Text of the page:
Saturday, August 26, 2006

A Great Artists Muse: Lump, The Daschund

Today’s New York Times has an article on one of Picassos muses. Not one of the many women in his life, but a little daschund called Lump.

Lumps owner, the photographer David Douglas Duncan is not only considered one of the last century’s most outstanding photojournalists (he is renowned for his war photographs, especially those taken during the Korean war) but also probably the only photographer to have had free access to Picassos home and studio and to have had the chance to photograph the artist at work.

The article reminded me of my visit to Luzern earlier this year. In addition to Picasso’s sketches and paintings from the private collection of the Rosengarts, The Picasso Museum houses some 200 pictures, by Duncan, of the artist at work, relaxing, with his family, with his pets. And well, I remembered Lump as well! The photo on the left was one of my favourites on display at the museum.

The Times writes:
That very day, he did his first portrait of Lump, a signed and dated portrait of the dog that he painted on a plate while having lunch with Jacqueline Roque, his new partner, whom he would marry four years later.
In so many ways it shows the human face of the artist. One who was entranced by the little daschund, one who happily painted him his very own plate. It also hints at why Picasso is considered one of the most prolific artists of all time, what with some quarter of a million pieces of artwork to his credit. Almost everything Picasso touched has some artistic value, I’d be curious as to how much Lumps plate would cost at an auction.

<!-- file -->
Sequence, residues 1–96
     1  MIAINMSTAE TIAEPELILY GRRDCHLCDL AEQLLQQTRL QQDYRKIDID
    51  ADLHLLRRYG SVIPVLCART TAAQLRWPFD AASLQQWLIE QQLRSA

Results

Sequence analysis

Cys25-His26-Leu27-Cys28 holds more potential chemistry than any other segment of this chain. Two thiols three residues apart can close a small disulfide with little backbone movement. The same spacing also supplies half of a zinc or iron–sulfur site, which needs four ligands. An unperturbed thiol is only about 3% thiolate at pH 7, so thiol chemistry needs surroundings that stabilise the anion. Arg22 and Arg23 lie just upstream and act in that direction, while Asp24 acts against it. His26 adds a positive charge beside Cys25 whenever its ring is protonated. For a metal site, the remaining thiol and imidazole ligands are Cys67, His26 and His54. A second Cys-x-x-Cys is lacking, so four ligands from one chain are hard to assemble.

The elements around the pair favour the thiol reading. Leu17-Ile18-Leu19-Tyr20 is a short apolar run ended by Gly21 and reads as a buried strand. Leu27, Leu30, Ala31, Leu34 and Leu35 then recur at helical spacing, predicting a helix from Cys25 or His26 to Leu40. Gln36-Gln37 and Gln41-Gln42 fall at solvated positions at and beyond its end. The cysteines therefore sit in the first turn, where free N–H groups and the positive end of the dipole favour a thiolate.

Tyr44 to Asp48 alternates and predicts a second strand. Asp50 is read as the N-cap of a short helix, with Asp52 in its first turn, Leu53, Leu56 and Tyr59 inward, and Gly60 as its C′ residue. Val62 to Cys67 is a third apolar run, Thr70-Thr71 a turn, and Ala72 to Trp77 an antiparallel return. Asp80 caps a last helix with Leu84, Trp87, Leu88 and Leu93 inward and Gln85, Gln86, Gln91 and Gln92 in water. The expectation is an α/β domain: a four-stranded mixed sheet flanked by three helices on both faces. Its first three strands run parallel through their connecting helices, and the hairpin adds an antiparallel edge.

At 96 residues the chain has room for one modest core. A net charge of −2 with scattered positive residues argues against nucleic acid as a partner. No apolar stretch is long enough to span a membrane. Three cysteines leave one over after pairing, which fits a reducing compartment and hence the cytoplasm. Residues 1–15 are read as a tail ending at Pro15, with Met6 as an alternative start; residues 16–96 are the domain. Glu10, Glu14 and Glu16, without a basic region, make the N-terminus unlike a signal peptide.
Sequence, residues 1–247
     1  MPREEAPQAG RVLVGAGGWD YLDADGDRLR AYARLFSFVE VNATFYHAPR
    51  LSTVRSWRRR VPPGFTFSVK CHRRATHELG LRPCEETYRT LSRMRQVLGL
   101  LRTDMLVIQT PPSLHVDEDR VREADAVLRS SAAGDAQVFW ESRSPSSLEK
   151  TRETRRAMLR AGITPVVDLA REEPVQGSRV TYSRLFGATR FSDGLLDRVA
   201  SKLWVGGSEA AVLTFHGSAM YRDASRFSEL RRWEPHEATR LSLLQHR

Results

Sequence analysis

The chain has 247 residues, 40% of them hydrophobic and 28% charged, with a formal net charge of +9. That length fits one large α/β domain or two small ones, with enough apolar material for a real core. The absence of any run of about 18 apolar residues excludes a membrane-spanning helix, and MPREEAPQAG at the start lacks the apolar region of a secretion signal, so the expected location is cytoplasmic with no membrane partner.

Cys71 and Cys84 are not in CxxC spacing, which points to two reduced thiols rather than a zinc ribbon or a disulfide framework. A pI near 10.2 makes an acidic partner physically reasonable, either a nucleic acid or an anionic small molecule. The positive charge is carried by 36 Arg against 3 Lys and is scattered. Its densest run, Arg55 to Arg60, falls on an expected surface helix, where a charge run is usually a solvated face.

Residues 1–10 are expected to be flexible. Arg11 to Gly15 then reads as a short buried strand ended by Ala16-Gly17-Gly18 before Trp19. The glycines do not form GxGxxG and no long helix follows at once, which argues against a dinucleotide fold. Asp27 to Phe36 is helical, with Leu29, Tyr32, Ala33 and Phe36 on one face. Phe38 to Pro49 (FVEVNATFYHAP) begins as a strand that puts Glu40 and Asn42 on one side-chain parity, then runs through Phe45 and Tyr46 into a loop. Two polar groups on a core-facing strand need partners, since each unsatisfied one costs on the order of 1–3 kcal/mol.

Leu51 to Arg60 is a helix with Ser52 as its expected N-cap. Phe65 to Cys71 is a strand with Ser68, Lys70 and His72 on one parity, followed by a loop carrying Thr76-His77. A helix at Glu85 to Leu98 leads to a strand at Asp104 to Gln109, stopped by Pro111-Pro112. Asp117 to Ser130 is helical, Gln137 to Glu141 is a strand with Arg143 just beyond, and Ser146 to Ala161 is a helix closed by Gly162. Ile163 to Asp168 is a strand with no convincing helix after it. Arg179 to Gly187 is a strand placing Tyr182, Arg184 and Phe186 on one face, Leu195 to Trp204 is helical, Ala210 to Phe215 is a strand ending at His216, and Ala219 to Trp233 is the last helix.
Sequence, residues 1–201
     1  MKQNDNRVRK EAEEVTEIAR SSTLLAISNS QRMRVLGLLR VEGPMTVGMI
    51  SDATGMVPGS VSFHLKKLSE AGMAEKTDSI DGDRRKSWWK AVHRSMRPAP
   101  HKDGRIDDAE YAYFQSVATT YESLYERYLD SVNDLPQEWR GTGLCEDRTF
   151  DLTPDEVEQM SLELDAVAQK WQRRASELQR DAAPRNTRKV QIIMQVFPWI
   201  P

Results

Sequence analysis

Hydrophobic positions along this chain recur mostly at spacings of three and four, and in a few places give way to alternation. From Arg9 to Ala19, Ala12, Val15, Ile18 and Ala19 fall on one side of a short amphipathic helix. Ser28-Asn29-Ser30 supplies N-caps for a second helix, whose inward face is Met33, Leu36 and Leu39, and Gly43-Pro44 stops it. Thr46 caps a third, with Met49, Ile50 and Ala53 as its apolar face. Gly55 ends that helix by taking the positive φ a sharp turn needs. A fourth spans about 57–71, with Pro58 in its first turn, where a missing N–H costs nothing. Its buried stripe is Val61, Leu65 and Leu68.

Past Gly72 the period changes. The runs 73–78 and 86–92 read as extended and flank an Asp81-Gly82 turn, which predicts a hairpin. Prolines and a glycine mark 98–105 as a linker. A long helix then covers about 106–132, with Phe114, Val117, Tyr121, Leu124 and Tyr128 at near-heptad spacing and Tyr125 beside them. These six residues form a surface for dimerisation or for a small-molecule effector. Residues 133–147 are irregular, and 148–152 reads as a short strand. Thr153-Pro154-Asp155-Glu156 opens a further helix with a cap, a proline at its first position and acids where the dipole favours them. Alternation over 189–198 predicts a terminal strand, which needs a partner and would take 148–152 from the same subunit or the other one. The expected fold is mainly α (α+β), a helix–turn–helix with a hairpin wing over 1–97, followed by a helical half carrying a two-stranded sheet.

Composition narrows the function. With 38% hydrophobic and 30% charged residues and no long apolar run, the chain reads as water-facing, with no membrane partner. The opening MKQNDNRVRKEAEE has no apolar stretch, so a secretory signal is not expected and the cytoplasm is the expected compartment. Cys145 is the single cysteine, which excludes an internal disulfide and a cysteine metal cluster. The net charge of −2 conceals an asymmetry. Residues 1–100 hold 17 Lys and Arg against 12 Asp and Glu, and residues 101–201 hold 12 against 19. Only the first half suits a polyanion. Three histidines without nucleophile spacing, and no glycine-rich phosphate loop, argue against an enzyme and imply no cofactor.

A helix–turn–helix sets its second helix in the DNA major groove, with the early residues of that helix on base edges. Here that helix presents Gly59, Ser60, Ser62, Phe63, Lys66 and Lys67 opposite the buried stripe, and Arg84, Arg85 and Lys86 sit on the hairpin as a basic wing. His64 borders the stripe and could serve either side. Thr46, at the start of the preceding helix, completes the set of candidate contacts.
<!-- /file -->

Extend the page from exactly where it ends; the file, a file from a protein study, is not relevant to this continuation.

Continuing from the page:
I also think I wouldn’t mind trading places with Lump. Can you imagine being immortalized in Picasso’s paintings? Being called one of his muses? Having him paint you your very own plate? (The closest I come is having M.F. Hussain gift me a sketch of his signature horses).

All of this also brings to mind the fact that this year we celebrate Picasso’s 125th birth anniversary. It’s also been 25 year since the "Guernica" arrived in Spain. The Prado and the Reina Sofia in Madrid and the Museu Picasso in Barcelona are celebrating.
Another reason to visit Spain this year, isn’t it?


GhostOfTomJoad said...

This might seem sacrilegious to some but Picasso leaves me a bit cold. Having said that, the only trace of art in my room is a picture calender book of Picasso, staring down at me from its lofty perch :-) But, it's like with the other painter you mentioned, Hussain...their work doesn't do much for me.

However, I'd love to look at the photographs you mentioned

Szerelem said...

I think art is a very personal and subjective thing. So if you don’t like Picasso then that’s perfectly fine =D
Irrespective of that however, it hard to argue about Picassos imprint on art as a whole. I feel that there are very few cases in which a single individual has contributed to his/her field as much. And that’s Picasso’s greatness. I personally adore his works from the blue and red periods and the idea behind cubism as represented in art is absolutely fascinating. I think Hussein case is somewhat similar, he almost single handedly raised the profile of Indian art, but then again more than that there’s a lot in the style and structure of his works that I admire.

Some of the photos I mentioned can be seen here.

You should have a look, they’re really nice.